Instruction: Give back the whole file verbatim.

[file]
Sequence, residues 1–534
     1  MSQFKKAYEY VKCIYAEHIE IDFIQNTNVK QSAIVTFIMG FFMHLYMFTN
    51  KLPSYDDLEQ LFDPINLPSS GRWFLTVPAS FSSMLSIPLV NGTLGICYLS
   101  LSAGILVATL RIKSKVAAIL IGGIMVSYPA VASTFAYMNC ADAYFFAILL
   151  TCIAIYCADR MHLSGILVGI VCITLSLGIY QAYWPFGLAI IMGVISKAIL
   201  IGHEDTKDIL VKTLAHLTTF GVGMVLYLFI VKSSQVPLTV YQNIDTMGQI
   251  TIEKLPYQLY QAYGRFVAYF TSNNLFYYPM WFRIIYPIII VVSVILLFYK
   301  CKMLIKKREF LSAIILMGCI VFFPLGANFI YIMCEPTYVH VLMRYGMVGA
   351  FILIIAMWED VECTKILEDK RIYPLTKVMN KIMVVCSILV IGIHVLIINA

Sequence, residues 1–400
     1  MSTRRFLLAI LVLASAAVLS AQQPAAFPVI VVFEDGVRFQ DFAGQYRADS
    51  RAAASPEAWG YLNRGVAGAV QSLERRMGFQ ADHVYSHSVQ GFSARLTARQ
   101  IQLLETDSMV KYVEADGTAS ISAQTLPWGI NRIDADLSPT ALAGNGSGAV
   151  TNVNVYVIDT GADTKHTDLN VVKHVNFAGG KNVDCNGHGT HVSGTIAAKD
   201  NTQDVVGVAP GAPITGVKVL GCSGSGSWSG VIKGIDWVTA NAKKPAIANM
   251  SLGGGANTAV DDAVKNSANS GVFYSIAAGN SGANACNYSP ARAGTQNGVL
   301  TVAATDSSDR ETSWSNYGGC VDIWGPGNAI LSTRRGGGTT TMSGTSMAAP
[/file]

Sequence, residues 1–534
     1  MSQFKKAYEY VKCIYAEHIE IDFIQNTNVK QSAIVTFIMG FFMHLYMFTN
    51  KLPSYDDLEQ LFDPINLPSS GRWFLTVPAS FSSMLSIPLV NGTLGICYLS
   101  LSAGILVATL RIKSKVAAIL IGGIMVSYPA VASTFAYMNC ADAYFFAILL
   151  TCIAIYCADR MHLSGILVGI VCITLSLGIY QAYWPFGLAI IMGVISKAIL
   201  IGHEDTKDIL VKTLAHLTTF GVGMVLYLFI VKSSQVPLTV YQNIDTMGQI
   251  TIEKLPYQLY QAYGRFVAYF TSNNLFYYPM WFRIIYPIII VVSVILLFYK
   301  CKMLIKKREF LSAIILMGCI VFFPLGANFI YIMCEPTYVH VLMRYGMVGA
   351  FILIIAMWED VECTKILEDK RIYPLTKVMN KIMVVCSILV IGIHVLIINA

Sequence, residues 1–400
     1  MSTRRFLLAI LVLASAAVLS AQQPAAFPVI VVFEDGVRFQ DFAGQYRADS
    51  RAAASPEAWG YLNRGVAGAV QSLERRMGFQ ADHVYSHSVQ GFSARLTARQ
   101  IQLLETDSMV KYVEADGTAS ISAQTLPWGI NRIDADLSPT ALAGNGSGAV
   151  TNVNVYVIDT GADTKHTDLN VVKHVNFAGG KNVDCNGHGT HVSGTIAAKD
   201  NTQDVVGVAP GAPITGVKVL GCSGSGSWSG VIKGIDWVTA NAKKPAIANM
   251  SLGGGANTAV DDAVKNSANS GVFYSIAAGN SGANACNYSP ARAGTQNGVL
   301  TVAATDSSDR ETSWSNYGGC VDIWGPGNAI LSTRRGGGTT TMSGTSMAAP